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Silky Terrier

Although a toy in size, the Silky Terrier has a true terrier personality – he is of sufficient substance to be able to hunt and kill domestic rodents. The general public occasionally confuses this breed with the Yorkie, but in reality, the Silky is larger and more closely related to the Australian Terrier. A friendly, joyful temperament and the lovely blue and tan coat make him an ideal companion.

A Look Back
Developed at the end of the 1800s in Australia, the Silky Terrier was created when a number of Yorkshire Terriers from England were brought into parts of Australia and bred to Australian Terrier bitches in an attempt to improve coat color in the blue and tan Australian Terrier. The resulting litters produced individuals shown as these three different breeds. The Silkys were then bred together until a recognized type was fixed.

Right Breed for You?
This portable pooch can adapt well to any living situation, but make sure you have the time to devote to them – they do not like to be ignored, preferring to play fetch or go on walks with their family. Silkys are keen and energetic, so it’s best to keep them occupied. The breed must also be bathed and brushed on a regular basis.

If you are considering purchasing a Silky Terrier puppy, learn more here.

  • Toy Group; AKC recognized in 1959.
  • Ranging in size from 9 to 10 inches tall at the shoulder and approximately 10 pounds.
  • Vermin hunter.

Silky Terrier Breed Standard

Toy Group

General Appearance
The Silky Terrier is a true “toy terrier”. He is moderately low set, slightly longer than tall, of refined bone structure, but of sufficient substance to suggest the ability to hunt and kill domestic rodents. His coat is silky in texture, parted from the stop to the tail and presents a well groomed but not sculptured appearance. His inquisitive nature and joy of life make him an ideal companion.

Size, Proportion, Substance
Size – Shoulder height from nine to ten inches. Deviation in either direction is undesirable. Proportion – The body is about one fifth longer than the dog’s height at the withers. Substance – Lightly built with strong but rather fine bone.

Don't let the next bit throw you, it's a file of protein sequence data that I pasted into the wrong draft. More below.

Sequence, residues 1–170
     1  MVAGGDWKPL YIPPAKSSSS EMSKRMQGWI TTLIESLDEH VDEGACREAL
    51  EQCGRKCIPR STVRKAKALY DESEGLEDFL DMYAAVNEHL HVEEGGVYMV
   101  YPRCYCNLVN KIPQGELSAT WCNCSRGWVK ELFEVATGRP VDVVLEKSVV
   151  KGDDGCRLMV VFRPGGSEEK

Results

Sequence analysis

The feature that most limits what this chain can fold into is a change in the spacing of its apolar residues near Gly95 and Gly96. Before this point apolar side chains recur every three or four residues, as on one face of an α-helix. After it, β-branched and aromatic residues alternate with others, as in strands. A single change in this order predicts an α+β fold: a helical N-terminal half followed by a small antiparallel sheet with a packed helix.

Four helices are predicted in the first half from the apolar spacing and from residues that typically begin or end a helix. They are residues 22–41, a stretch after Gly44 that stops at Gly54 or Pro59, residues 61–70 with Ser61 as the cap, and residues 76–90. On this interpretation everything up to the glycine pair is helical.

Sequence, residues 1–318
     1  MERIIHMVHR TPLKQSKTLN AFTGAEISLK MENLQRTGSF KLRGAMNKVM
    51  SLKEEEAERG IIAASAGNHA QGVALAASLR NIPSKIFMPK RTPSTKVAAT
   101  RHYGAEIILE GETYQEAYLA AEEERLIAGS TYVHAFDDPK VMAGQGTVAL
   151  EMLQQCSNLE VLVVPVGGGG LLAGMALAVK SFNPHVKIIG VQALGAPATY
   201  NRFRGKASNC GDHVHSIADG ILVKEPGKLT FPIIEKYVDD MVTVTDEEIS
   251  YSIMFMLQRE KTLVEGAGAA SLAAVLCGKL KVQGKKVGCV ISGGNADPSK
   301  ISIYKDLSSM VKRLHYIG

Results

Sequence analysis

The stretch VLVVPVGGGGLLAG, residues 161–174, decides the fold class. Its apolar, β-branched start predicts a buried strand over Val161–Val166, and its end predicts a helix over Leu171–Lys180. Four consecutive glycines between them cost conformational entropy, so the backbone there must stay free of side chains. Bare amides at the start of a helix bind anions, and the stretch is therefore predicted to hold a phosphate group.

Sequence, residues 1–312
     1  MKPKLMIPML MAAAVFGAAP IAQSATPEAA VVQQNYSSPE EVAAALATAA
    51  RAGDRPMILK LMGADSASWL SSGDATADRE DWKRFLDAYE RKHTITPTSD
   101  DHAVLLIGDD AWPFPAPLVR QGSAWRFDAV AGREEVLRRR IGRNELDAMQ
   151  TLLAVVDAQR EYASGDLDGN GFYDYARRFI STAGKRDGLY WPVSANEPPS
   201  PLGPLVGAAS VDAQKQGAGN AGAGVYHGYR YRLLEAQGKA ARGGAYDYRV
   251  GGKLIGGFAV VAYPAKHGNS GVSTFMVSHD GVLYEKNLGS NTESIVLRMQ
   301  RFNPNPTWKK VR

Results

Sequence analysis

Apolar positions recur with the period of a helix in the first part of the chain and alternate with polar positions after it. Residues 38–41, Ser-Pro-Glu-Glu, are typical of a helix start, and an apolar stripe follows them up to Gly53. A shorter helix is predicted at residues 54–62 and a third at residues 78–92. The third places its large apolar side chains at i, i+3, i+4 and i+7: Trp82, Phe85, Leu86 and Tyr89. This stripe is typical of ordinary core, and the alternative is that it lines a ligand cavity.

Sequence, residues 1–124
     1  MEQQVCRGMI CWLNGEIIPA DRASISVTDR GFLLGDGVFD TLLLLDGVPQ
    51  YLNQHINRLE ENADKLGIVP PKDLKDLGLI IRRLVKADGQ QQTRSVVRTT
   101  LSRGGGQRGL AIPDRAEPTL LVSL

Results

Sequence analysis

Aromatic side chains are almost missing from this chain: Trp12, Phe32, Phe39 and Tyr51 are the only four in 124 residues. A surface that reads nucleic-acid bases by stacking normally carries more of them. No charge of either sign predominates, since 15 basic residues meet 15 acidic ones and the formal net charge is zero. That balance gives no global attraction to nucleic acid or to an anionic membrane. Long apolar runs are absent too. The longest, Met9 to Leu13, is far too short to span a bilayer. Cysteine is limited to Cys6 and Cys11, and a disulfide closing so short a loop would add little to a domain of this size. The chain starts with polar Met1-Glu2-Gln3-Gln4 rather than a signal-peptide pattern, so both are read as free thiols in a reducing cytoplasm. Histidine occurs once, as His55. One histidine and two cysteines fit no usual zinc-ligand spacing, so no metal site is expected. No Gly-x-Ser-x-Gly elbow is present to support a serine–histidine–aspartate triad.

The head is strong, wedge-shaped, and moderately long. Expressionpiercingly keen, eyes small, dark, almond shaped with dark rims. Light eyes are a serious fault. Ears are small, V-shaped, set high and carried erect without any tendency to flare obliquely off the skull. Skull flat, and not too wide between the ears. The skull is slightly longer than the muzzle. Stop shallow. The nose is black. Teeth strong and well aligned, scissors bite. An undershot or overshot bite is a serious fault.

Neck, Topline and Body
The neck fits gracefully into sloping shoulders. It is medium long, fine, and to some degree crested. The topline is level. A topline showing a roach or dip is a serious fault. Chest medium wide and deep enough to extend down to the elbows. The body is moderately low set and about one fifth longer than the dog’s height at the withers. The body is measured from the point of the shoulder (or forechest) to the rearmost projection of the upper thigh (or point of the buttocks). A body which is too short is a fault, as is a body which is too long. The tail is docked, set high and carried at twelve to two o’clock position.

Well laid back shoulders, together with proper angulation at the upper arm, set the forelegs nicely under the body. Forelegs are strong, straight and rather fine-boned. Feet small, catlike, round, compact. Pads are thick and springy while nails are strong and dark colored. White or flesh-colored nails are a fault. The feet point straight ahead, with no turning in or out. Dewclaws, if any, are removed.

Thighs well muscled and strong, but not so developed as to appear heavy. Well angulated stifles with low hocks which are parallel when viewed from behind. Feet as in front.

Straight, single, glossy, silky in texture. On matured specimens the coat falls below and follows the body outline. It should not approach floor length. On the top of the head, the hair is so profuse as to form a topknot, but long hair on the face and ears is objectionable. The hair is parted on the head and down over the back to the root of the tail. The tail is well coated but devoid of plume. Legs should have short hair from the pastern and hock joints to the feet. The feet should not be obscured by the leg furnishings.

Blue and tan. The blue may be silver blue, pigeon blue or slate blue, the tan deep and rich. The blue extends from the base of the skull to the tip of the tail, down the forelegs to the elbows, and half way down the outside of the thighs. On the tail the blue should be very dark. Tan appears on muzzle and cheeks, around the base of the ears, on the legs and feet and around the vent. The topknot should be silver or fawn which is lighter than the tan points.

Should be free, light-footed, lively and straightforward. Hindquarters should have strong propelling power. Toeing in or out is to be faulted.

The keenly alert air of the terrier is characteristic, with shyness or excessive nervousness to be faulted. The manner is quick, friendly, responsive.